“A big reason behind the success of the club is Gordhan masterji,” says Jakhar. “It was masterji who encouraged the girls to play. One girl led to another and it became a team. And then they started getting jobs in the railways, CRPF, and it became a career-defining thing,” says Jakhar.
Dass would take his wife on tours if there was no female staff accompanying them, says Jakhar. “All his salary went into football and its infrastructure. And now, Sonika (Vijarniya, the coach) is the same.”
In 2006, Dass was transferred to the Government Senior Secondary School in Alakhpura from Barsi village. “I had not thought of getting the girls to play at all. It was a taboo then,” says the 46-year-old former kabaddi player. He, in fact, put together a boys’ kabaddi team and focused on their game.
But it was a co-education school and the girls would pester him to allow them to play a sport. Just to get them off his back, Dass one day tossed a football at them. And that was the beginning.
For the next couple of years, the girls played, unsupervised, helping each other and getting better with practice. Teachers from other schools would come and compliment Dass and encourage him to take things forward.
There were problems though. “If you train girls even today, people doubt your character. And once that happens, you are as good as dead in Haryana,” says Dass, over a drag of a hookah at his home in his native Jita Kheri village, about 8km from Alakhpura.
But Dass had a plan. Much like wrestlers Chandgi Ram and Mahavir Singh Phogat, he took along his daughter Neetu, who is now 22, and went from door to door in Alakhpura, asking families to send their daughters to play. “I told them my daughter will be playing too,” he says. Some families agreed. He finally got a team together and a revolution was afoot. The girls kept improving with each tournament.
Their success came to the state government’s notice, and a full-time coach (Vijarniya) was appointed in 2014.
Smoke emanates from mud chulhas as the sun rises the next morning. Women sweep courtyards as men set up cots for the morning hookah baithak. Girls are already leaving for the morning practice session. As elderly men smoke and drink tea, women feed, milk and groom the buffaloes. In most households, the animals are often more pampered than the children. They are washed twice a day in a pond adjacent to the playground. Their milk is also the most important source of nutrition for the young footballers of Alakhpura.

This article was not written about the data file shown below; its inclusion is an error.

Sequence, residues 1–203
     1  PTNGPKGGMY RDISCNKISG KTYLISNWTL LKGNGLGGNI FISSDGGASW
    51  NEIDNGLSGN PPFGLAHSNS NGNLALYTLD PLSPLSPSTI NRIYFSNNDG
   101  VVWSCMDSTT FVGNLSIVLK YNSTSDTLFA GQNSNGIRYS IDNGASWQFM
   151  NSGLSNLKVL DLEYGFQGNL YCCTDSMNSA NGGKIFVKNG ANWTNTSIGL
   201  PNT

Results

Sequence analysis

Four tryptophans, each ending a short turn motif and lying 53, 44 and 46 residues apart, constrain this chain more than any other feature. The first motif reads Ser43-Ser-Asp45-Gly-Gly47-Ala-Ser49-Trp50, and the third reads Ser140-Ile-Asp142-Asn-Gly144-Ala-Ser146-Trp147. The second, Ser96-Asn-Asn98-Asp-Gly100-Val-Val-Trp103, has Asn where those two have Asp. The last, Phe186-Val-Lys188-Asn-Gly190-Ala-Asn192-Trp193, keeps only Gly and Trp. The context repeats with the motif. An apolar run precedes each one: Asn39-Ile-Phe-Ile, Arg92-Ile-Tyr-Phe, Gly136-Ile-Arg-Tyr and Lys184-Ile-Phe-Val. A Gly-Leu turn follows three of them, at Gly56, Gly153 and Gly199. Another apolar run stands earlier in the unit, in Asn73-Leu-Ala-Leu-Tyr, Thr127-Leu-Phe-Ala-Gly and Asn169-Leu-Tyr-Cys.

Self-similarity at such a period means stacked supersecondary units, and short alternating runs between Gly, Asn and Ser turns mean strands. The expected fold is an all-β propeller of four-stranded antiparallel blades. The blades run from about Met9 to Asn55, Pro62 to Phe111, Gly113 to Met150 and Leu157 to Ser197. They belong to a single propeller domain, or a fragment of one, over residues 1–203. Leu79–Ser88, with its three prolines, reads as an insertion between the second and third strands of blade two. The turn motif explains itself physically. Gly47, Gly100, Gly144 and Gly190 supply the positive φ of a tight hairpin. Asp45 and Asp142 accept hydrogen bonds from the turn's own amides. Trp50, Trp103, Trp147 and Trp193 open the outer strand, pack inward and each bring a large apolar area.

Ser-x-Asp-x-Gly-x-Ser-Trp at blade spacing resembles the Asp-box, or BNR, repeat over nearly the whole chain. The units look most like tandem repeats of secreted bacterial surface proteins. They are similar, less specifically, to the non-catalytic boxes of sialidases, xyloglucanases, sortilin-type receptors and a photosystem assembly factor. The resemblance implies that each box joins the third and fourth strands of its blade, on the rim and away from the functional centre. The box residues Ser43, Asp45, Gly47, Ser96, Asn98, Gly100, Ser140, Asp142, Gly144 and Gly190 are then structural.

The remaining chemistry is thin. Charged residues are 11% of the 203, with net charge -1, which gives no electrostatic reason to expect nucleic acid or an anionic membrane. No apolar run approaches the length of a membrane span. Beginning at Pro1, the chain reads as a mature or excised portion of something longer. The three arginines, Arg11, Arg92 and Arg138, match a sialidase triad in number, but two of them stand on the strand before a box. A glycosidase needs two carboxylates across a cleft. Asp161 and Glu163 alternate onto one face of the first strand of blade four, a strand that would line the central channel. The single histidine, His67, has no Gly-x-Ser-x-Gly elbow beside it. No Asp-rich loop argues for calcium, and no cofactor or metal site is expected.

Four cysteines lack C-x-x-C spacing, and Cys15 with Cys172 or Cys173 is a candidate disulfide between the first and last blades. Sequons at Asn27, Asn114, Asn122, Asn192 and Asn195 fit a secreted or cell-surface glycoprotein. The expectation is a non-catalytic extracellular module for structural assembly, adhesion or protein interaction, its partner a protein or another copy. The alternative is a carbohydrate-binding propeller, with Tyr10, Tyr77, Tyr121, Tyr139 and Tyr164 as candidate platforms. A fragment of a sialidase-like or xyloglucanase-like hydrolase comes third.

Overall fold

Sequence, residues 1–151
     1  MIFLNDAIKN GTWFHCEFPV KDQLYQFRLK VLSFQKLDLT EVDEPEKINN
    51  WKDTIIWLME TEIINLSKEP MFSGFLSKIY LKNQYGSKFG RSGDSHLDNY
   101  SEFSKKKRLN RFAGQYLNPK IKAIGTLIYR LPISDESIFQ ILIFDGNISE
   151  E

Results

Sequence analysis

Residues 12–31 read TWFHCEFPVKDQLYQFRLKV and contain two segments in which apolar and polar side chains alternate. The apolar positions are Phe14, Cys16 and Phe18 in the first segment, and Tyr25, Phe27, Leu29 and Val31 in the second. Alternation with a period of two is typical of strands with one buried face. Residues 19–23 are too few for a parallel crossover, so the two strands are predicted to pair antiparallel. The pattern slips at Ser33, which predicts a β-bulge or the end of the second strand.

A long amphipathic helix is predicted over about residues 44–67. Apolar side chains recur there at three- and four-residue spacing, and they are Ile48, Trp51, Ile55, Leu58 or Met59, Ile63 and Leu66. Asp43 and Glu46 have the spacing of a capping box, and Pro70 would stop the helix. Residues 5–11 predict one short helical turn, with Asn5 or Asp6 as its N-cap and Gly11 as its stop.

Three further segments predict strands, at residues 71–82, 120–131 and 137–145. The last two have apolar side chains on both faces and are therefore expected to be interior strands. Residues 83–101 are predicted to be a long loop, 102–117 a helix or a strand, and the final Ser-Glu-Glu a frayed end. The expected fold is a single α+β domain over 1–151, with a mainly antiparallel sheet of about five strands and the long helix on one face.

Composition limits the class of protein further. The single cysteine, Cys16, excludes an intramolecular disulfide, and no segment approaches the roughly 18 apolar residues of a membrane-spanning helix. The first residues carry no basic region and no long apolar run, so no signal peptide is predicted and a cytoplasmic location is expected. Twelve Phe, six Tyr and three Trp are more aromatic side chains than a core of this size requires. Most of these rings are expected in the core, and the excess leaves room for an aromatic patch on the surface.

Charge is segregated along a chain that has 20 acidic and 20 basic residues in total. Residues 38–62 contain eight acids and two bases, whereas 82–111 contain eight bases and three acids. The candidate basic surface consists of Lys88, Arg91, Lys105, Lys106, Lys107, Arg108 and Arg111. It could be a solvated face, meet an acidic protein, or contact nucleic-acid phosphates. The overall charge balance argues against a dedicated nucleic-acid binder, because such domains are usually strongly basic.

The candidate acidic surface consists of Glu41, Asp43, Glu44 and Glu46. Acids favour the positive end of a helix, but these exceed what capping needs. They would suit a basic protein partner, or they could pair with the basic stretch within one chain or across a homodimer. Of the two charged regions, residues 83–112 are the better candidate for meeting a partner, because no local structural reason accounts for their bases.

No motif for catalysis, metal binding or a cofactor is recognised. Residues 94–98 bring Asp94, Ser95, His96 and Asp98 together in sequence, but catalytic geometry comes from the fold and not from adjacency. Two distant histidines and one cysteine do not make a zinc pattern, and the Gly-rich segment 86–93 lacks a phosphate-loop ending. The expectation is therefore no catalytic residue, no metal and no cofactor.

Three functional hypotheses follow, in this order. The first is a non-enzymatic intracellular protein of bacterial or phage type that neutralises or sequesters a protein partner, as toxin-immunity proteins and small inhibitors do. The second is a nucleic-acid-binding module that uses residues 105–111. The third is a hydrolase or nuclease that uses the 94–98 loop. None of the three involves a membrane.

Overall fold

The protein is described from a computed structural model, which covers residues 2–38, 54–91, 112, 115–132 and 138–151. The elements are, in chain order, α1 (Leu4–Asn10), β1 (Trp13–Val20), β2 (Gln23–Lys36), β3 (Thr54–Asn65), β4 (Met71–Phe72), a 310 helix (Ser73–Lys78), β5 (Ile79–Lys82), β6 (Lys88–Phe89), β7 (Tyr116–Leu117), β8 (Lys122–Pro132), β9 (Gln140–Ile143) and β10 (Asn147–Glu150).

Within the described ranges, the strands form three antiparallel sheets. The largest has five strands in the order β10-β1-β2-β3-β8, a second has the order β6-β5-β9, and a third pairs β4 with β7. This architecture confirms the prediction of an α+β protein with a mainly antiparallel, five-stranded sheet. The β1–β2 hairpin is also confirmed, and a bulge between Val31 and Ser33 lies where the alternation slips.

Most villagers are vegetarian. And vegetables are so scarce (because of poor soil quality) that they are sold in provisional stores, alongside cooking oil, bathing soap and incense sticks. “Therefore, milk and milk-based products such as butter become the most important sources of nutrition,” says 34-year-old Vijarniya, a former player herself. “In many of the households, girls don’t get proper nutrition. It is a big challenge. But at least there is plenty of milk here.”
At the football ground, girls start with exercises and drills and then get into practice matches. Dass is visiting them today and there is a sense of excitement as he hasn’t visited in over six months, since his transfer back to Barsi late last year.
As Dass walks in, a little before 8am, the girls run to touch his feet. He asks Munesh, who has come home on vacation, to show him the correct technique to kick a football.
“You have to use the inside of your boot-front to send it left, and use the outside to send it to the right,” Munesh says as she demonstrates the move with her right foot. Dass tries it a couple of times, fumbles and then sends a long ball to his right. Everyone starts laughing.
“What these girls don’t realize is that I have learnt more from them than they probably have from me,” says Dass. “I was just a PT teacher who couldn’t finish graduation. These girls turned me into a celebrity coach.”
There are some inherent problems though. Take, for instance, the lack of regular funding. “Funds are always a problem. One football itself costs around ₹1,000. Then, there is competition. When it comes to representing the state or country, only the best players make the cut,” says Vijarniya.
Dass says he wants to create another Alakhpura elsewhere. “Alakhpura FC happened because of the support of the villagers. In most other places in Haryana, girls still can’t play.”
“It took me a decade to put Alakhpura on the country’s sporting map. I have 10 years left before retirement. I intend to make the most of them,” says Dass.